Frankly, I've not used CAGR for years because of I realised that with one calculation, the whole story can be quite distorted. Basically the calculation of CAGR depends on three variables - Future value, present value and time period. The most significant gripe I have about CAGR calculation is the fact that you can get hugely wide differences in value by just changing the variables. Essentially it boils down to a GIGO (garbage in garbage out) system where the output depends firmly on the input that you put it.
Take a look at this example. Let's say these are the figures for yearly profit from year 1 to year 4 respectively:
Present value: 10
Future value: 25
Time period: 3
CAGR: 35.7% per yr
Here's another example of yearly profit from year 1 to year 4 respectively:
For those who are synchronous with me in thought would have realised that the CAGR for the two examples are exactly the same. Why? The first example and second example looks very different but the three variables that affect CAGR calculation - namely present, future value and time period - are all the same.
1. Firstly, you must realise that the CAGR just draws a straight line between the start value (present value) and the end value (future value) and ignores all the ups and downs in between them. In a non-linear world, this assumption is just plain bullshit. I can make a good CAGR by carefully selecting my base year and my final year, so do be careful of it. Statistical calculation must be treated firstly as a blatant lie.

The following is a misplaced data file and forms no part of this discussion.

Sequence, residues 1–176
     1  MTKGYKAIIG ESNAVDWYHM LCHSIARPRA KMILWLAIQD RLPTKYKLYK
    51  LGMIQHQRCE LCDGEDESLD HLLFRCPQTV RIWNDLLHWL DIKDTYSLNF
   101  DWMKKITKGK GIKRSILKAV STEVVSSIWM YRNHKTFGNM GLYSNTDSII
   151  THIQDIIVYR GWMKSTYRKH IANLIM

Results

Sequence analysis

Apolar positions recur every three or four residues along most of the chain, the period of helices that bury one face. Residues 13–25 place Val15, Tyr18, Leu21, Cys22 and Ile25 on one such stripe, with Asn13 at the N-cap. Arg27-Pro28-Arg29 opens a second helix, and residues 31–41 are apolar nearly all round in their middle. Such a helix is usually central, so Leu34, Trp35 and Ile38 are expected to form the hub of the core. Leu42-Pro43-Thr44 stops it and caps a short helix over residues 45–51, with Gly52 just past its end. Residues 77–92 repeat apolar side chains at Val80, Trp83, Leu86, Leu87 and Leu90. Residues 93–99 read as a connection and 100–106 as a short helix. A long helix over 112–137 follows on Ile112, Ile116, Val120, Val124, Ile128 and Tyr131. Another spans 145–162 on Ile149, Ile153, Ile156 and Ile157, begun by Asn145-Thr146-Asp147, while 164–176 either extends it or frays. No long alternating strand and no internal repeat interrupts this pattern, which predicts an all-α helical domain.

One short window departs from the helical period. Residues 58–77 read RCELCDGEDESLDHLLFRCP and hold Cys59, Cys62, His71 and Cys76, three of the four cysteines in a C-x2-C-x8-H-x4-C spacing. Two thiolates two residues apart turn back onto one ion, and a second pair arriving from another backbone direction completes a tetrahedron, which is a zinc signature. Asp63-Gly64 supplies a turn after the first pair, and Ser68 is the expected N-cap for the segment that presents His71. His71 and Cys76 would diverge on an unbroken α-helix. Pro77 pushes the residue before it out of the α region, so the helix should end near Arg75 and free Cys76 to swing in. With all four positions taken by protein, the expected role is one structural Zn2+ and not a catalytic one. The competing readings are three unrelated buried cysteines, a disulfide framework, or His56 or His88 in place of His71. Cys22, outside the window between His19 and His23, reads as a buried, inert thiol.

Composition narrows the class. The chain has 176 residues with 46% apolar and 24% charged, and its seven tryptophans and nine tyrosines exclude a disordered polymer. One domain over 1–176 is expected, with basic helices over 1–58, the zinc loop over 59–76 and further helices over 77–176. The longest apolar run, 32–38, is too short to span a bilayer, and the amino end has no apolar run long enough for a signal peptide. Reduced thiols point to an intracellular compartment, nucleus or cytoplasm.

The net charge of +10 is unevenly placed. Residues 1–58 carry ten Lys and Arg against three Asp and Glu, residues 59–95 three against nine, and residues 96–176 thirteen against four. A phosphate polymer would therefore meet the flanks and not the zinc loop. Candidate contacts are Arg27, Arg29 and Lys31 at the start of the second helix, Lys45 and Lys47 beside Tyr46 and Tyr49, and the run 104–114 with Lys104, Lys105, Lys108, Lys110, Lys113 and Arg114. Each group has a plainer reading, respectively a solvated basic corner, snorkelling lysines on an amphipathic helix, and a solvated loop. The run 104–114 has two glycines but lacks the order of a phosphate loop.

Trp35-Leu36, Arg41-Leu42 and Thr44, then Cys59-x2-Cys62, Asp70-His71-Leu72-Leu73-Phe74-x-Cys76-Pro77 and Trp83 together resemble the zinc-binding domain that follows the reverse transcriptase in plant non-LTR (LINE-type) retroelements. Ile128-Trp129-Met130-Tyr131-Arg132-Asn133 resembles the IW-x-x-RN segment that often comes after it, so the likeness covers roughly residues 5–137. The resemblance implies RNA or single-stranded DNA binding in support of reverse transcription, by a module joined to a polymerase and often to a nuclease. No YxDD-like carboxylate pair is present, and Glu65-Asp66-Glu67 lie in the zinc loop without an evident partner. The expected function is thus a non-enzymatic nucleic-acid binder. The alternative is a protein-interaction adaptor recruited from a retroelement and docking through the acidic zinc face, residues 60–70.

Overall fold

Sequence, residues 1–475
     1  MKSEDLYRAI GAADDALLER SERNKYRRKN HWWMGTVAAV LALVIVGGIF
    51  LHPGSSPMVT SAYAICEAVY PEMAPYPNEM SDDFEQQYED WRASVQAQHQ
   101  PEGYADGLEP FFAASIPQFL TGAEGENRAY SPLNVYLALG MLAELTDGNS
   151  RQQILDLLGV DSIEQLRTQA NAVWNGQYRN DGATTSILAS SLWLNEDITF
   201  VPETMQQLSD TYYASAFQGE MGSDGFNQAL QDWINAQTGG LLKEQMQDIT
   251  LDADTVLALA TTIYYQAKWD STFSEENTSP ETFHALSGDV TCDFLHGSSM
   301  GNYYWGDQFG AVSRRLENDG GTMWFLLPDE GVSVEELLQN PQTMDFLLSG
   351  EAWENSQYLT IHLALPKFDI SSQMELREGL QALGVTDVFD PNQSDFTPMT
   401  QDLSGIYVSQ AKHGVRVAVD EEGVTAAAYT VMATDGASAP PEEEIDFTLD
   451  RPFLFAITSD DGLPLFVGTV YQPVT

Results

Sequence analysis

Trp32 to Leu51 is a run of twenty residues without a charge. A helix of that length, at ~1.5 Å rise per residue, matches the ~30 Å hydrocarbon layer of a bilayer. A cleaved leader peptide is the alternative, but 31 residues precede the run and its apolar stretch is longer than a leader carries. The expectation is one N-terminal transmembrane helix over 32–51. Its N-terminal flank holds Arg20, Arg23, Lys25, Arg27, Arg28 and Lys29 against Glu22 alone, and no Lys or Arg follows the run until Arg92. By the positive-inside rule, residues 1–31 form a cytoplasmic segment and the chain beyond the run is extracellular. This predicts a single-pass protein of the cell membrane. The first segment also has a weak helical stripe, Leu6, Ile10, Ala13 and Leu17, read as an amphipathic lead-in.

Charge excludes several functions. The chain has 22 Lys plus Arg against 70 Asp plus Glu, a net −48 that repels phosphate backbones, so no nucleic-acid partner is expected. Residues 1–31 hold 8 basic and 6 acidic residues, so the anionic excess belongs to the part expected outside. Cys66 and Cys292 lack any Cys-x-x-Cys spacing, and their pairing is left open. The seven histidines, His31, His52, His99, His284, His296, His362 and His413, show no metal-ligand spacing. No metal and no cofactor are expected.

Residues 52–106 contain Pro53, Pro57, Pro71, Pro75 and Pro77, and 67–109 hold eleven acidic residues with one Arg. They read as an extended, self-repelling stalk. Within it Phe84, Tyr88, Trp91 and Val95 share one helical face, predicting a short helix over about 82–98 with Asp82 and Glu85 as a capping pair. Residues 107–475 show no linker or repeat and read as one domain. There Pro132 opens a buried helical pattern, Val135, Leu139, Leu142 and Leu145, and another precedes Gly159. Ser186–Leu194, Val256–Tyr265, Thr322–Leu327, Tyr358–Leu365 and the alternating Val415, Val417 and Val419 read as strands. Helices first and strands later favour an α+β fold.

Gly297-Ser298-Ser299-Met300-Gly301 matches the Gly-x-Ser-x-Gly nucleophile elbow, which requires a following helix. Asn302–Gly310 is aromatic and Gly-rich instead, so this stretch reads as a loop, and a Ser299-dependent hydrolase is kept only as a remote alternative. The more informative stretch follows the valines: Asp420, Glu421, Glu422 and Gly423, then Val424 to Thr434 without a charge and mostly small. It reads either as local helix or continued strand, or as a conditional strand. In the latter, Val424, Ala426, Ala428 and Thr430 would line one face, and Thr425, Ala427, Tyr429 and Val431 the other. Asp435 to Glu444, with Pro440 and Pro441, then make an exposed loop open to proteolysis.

2. Secondly, it would be better to accompany CAGR calculation with the actual values of the data points in between the present and final values. To make it better, I would suggest a graph. It's like doing linear regression calculation in A'lvls - you must accompany each calculation with a scatter plot. This will give a bigger picture of the meaning of the CAGR value calculated.
3. Lastly, I simply do not use it anymore. From experience, projecting the past into the future is at best a guesstimate because the reality could be more optimistic but usually more pessimistic. Since it's a guesstimate, there's really no need to put a numerical figure to your guesstimate. I do not use it anymore because I fail to see the value of such calculations in fattening my wallet, though it might well do to fatten my ego.